So because we didn't understand the water cycle, the accepted theory may be wrong.
frflyer
4.4 / 5 (7) Jan 05, 2019
"So because we didn't understand the water cycle, the accepted theory may be wrong."

And what are the long term effects of lower moisture in the forests? Not likely beneficial. Sure there are uncertainties in climate science, but none of them them threaten to undermine the fact that humans are causing global warming. Uncertainty is not your friend. It cuts both ways.

Tropical forests need decomposition to keep up the supply of nutrients. Tropical rainforests hold most of their nutrients in the trees, whereas temperate forests hold most of the nutrients in the top soils, which are also deeper.

KenMitchell
3 / 5 (1) Jan 05, 2019
Makes perfect sense. If you heat an area without adding water, the RELATIVE humidity will FALL - because warmer air could hold more water.
Pete EE
5 / 5 (2) Jan 06, 2019
If you heat a plot of land, you will dry it because the nearby air will absorb more moisture.
If you heat an earth, you will have a higher humidity earth because the air will absorb more moisture.
Oops.
humy
4.3 / 5 (3) Jan 06, 2019

If you heat an earth, you will have a higher humidity earth because the air will absorb more moisture.
Oops.
Pete EE

No, that is not necessarily true and you haven't understood the physics.
Humidity, which means what is called "relative humidity" in this context because it is that and not what is called "absolute humidity" that is what effects evaporation rates, isn't just effected by the amount of moisture in the air but the temperature so it is possible to have more moisture in the air but lower humidity despite that because the temperature has gone up to more than counteract the effect of increase amount of water vapor.
See:

https://en.wikipe...humidity
"...Relative humidity depends on temperature and the pressure of the system of interest. The same amount of water vapor results in higher relative humidity in cool air than warm air...."
Pete EE
3 / 5 (1) Jan 06, 2019
Responding to humy
I want to begin an analysis with the facts that are certain.

In the context of this experiment (though the details aren't clear) it seems that a plot of land is exposed to ambient air. That means that an IR heater will increase the temperature of the land, vegetation and local air. The absolute humidity will remain constant. The relative humidity (which, as you say, is more relevant to evaporation.) will drop.

In the context of a warmed earth, my best first approximation is that relative humidity is what will remain constant. (Therefore absolute humidity will rise to match.) Hence my "oops" comment. The experiment had a constant absolute H but they wanted constant relative H.

It seems that they needed a physicist, or at least an engineer, in experimental design. (Biologists! amirite?) Counter-intuitively, this experiment would have been more realistic in a lab, or better yet in two greenhouses.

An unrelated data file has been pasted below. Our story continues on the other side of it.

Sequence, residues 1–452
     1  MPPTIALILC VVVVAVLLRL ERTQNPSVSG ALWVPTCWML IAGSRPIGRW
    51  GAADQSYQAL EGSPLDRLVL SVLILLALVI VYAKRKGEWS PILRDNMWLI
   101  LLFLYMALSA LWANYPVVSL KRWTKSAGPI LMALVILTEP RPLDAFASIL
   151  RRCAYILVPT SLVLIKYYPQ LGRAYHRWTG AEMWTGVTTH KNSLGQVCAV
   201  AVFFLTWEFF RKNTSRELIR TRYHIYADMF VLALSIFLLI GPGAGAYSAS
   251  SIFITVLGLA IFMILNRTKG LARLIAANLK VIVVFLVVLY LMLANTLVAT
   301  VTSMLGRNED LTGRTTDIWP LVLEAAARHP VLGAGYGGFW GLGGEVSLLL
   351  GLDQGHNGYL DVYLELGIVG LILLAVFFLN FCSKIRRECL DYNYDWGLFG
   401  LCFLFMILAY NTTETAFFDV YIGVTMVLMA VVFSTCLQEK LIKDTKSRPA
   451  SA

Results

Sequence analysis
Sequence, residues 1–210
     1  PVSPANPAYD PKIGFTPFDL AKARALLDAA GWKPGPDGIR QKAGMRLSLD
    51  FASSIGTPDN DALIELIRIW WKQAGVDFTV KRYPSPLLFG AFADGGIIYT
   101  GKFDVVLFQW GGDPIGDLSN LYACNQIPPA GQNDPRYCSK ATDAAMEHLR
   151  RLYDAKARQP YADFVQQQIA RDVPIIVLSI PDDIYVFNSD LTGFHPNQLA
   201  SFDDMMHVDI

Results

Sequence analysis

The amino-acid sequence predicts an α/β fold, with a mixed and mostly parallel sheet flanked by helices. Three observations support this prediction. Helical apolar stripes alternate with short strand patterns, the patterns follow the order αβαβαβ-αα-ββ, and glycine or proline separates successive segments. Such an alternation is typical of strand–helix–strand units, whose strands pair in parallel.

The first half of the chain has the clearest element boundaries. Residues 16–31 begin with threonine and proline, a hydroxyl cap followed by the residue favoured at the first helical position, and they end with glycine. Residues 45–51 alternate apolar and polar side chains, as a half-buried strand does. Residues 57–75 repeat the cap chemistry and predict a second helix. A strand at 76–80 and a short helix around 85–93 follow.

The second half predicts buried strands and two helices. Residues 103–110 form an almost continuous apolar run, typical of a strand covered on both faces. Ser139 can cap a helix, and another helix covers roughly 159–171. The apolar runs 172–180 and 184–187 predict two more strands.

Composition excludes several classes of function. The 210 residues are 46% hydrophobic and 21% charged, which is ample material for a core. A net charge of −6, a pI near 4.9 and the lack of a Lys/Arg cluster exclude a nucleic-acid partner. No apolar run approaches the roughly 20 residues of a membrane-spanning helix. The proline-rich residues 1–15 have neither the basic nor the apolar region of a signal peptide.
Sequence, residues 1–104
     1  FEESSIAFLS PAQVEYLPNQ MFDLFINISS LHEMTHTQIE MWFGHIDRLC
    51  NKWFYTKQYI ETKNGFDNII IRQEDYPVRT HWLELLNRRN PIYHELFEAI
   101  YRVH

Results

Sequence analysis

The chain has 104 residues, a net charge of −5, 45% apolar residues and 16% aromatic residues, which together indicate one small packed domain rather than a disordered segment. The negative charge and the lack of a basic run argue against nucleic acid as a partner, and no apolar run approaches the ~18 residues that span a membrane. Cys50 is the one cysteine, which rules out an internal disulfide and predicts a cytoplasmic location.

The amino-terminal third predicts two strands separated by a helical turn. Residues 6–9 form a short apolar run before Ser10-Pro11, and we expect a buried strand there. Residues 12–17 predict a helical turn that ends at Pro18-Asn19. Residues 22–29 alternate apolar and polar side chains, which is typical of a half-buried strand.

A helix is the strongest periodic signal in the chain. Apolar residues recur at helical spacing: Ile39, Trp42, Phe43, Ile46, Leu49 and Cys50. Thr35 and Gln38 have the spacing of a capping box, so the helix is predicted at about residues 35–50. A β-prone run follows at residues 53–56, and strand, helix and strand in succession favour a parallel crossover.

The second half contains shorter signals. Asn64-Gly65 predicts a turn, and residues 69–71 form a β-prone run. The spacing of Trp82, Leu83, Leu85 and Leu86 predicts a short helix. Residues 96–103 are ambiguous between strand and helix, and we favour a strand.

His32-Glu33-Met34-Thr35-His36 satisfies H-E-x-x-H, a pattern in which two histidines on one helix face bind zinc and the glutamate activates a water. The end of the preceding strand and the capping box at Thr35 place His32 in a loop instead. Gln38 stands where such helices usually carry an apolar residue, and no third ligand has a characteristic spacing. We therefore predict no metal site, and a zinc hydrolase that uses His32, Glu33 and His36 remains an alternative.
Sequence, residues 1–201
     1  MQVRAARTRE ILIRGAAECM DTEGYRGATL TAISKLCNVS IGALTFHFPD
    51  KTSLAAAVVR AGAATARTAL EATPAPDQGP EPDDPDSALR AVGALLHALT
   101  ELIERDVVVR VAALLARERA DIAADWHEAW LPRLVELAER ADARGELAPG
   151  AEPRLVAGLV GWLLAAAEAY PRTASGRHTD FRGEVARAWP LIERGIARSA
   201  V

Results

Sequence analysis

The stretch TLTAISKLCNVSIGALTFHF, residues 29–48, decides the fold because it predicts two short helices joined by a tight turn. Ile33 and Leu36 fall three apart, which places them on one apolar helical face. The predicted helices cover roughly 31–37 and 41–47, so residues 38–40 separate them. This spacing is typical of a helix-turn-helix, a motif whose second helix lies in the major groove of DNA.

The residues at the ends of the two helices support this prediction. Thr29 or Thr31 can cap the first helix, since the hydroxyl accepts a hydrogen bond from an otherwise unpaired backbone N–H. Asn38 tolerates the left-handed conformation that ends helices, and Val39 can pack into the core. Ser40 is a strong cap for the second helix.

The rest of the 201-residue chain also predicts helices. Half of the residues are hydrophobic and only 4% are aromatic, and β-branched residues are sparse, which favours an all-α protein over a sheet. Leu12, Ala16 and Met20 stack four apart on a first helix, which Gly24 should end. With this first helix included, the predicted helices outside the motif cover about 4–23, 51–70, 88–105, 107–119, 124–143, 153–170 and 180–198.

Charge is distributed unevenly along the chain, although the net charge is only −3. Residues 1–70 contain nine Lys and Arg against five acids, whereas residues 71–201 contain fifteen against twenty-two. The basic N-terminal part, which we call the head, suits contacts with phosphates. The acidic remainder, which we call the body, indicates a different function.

torbjorn_b_g_larsson
5 / 5 (1) Jan 07, 2019
Even I, who is not into plant experiments, know that these types of short term experiments are problematic and say little. Here is a contextual - plants, warming climate - find from earlier this very year:

"It has been held that the first version, C3, was the most sensitive to environmental carbon dioxide (CO2) levels, and that the plants using it would produce more biomass as those levels rise.

Results of a 20-year experiment, however, have overturned such certainties, revealing the biomass boost to be only a short-term effect that reverses over longer time-scales.

The findings, published in the journal Science, carry important implications for our ability to predict the full ecological impact of rising CO2 levels and ensuing climate change."
https://cosmosmag...ynthesis

On humidity speculation: I would wait for the publication, if any, and see if they controlled for such factors.
antigoracle
1 / 5 (2) Jan 07, 2019
Even I, who is not into plant experiments, know that these types of short term experiments are problematic and say little. Here is a contextual - plants, warming climate - find from earlier this very year:

"It has been held that the first version, C3, was the most sensitive to environmental carbon dioxide (CO2) levels, and that the plants using it would produce more biomass as those levels rise.

...a 20-year experiment, however, have overturned such certainties, revealing the biomass boost to be only a short-term effect that reverses over longer time-scales.

The findings,... carry important implications for our ability to predict the full ecological impact of rising CO2 levels and ensuing climate change."
https://cosmosmag.....HEE...

If this Chicken Little jackass had bothered to read that paper, he would have seen that blaming CO2 was pure conjecture. That's AGW Cult "science".